The Clark County Food System Council increases and preserves access to safe, local and healthy food for all residents of Clark County. The council supports a viable, economical and sustainable local food system through multiple strategies including:
- Strengthening the connections between food, health, natural resource protection, economic development and the agricultural community.
- Researching, analyzing and reporting on information about the local food system.
- Advocating for and advising on food system and food policy implementation.
- Promoting and providing education on food system issues.
Clark County Food System Council Seeking New Members The Clark County Food System Council, a citizen advisory council whose mission is to increase and preserve access to safe, local and healthy food for Clark County residents, currently has membership openings. The Food System Council brings together individuals from different sectors of the community food system around common interests and beliefs related to creating and maintaining a sustainable community food system.
Applications are currently being taken through April 15.
For more information, please contact Theresa Cross, firstname.lastname@example.org, 360-397-8000 Ext 7378.
The 2013-14 Policy Roadmap for Clark County's Food System (PDF) prioritizes strategies to improve access to healthy and local food, and protect land for agriculture.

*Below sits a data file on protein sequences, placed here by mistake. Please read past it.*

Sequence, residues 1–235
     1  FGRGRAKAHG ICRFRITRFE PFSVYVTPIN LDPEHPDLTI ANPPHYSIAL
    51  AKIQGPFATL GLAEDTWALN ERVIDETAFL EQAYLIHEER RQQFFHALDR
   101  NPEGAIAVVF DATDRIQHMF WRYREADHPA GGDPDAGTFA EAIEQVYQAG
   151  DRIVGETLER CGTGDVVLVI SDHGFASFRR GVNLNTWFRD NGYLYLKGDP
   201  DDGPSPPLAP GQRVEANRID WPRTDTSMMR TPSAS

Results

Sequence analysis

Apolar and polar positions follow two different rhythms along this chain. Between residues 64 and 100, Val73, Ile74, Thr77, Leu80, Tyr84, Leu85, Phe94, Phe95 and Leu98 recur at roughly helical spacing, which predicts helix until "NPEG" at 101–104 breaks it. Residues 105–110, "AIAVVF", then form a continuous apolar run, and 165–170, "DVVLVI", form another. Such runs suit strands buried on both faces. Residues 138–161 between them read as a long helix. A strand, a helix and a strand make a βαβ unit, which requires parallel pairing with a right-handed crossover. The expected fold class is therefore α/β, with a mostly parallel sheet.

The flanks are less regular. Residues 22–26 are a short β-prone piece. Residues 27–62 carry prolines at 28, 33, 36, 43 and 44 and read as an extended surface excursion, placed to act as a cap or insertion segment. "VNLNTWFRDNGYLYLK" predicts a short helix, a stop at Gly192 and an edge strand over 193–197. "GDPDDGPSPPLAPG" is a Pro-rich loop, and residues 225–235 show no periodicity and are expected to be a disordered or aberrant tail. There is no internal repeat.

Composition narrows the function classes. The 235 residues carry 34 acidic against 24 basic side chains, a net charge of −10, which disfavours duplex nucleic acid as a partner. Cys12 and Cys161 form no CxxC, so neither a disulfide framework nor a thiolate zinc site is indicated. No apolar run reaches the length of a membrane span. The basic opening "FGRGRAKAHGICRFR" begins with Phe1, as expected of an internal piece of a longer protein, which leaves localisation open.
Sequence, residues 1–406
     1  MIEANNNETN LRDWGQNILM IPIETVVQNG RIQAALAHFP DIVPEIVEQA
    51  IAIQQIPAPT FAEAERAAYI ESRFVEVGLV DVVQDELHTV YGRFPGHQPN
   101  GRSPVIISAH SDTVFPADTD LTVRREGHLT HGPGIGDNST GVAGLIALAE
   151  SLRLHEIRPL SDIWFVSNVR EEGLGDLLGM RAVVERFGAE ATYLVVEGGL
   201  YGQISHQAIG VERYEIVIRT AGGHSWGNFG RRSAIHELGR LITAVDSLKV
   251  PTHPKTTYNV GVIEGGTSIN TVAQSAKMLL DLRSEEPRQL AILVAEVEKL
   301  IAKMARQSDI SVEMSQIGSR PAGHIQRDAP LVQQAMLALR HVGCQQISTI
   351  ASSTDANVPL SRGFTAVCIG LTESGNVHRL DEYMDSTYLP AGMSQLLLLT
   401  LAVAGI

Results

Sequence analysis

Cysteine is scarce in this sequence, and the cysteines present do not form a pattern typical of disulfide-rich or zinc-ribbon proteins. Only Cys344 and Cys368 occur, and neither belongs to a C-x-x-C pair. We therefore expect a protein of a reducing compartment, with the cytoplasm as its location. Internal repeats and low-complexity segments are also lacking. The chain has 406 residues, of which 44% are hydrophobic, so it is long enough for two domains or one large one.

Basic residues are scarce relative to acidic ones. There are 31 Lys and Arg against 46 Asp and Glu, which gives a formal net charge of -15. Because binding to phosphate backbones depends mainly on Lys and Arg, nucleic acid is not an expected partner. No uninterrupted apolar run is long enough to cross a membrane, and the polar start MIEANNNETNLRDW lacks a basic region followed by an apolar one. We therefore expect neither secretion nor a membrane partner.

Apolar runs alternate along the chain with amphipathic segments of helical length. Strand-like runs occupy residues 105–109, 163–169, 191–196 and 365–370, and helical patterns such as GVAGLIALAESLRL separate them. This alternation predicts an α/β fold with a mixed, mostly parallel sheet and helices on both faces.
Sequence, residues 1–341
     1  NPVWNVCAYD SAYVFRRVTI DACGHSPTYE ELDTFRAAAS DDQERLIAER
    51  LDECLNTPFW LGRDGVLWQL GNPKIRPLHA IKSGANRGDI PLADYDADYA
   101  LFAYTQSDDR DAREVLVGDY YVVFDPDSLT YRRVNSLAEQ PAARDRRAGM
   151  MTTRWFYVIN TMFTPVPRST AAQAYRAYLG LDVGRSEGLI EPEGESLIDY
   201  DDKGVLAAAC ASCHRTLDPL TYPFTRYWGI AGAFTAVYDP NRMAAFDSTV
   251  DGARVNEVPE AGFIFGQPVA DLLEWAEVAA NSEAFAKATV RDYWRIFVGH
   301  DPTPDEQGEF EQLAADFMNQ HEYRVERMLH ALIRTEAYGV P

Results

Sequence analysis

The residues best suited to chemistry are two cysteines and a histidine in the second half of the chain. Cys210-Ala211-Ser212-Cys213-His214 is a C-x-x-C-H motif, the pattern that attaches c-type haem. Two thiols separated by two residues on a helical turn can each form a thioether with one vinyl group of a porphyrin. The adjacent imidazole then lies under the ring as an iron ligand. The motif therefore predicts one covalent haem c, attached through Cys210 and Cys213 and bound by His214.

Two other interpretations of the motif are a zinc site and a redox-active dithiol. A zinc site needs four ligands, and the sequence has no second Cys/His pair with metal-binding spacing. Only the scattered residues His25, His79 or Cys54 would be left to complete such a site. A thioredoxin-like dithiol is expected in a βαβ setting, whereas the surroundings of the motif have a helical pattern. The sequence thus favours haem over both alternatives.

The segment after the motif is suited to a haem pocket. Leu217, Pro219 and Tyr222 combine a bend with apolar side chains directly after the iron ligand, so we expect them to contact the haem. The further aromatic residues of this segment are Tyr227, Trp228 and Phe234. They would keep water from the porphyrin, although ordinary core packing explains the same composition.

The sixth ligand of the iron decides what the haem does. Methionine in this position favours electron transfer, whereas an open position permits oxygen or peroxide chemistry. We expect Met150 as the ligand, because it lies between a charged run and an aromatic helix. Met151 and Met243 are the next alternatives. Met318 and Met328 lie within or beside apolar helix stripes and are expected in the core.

Food System Council framework (PDF) describes council structure and work strategies.
The council meets monthly on the fourth Thursday of each month from 4 to 6 p.m.
Meetings are held in Conference Rooms 210-A, B, and C at the Center for Community Health, 1601 E. Fourth Plain Blvd., Vancouver, WA.
Meetings are open to the public.
2013 meeting agendas and minutes (PDFs)
The council is comprised of a minimum of 15 and a maximum of 21 Clark County residents representing as many of the following professions and/or viewpoints as possible: agriculture, nutrition, education, emergency food systems, health care, food services, food manufacturers and distributors, waste management, planning, transportation, grocery, community members, business or economic development, human services, faith based organizations, land use and concerned citizens. In addition to the elected membership, the Public Health Advisory Council (PHAC) will have the ability to appoint a member to the council.
Council members are appointed for 1 or 2-year terms and may be reappointed for an additional term with rotations that ensure continuity with new members joining experienced members.
For more information, contact:
Tricia Mortell, Program Manager
Chronic Disease Prevention
(360) 397-8000 ext. 7211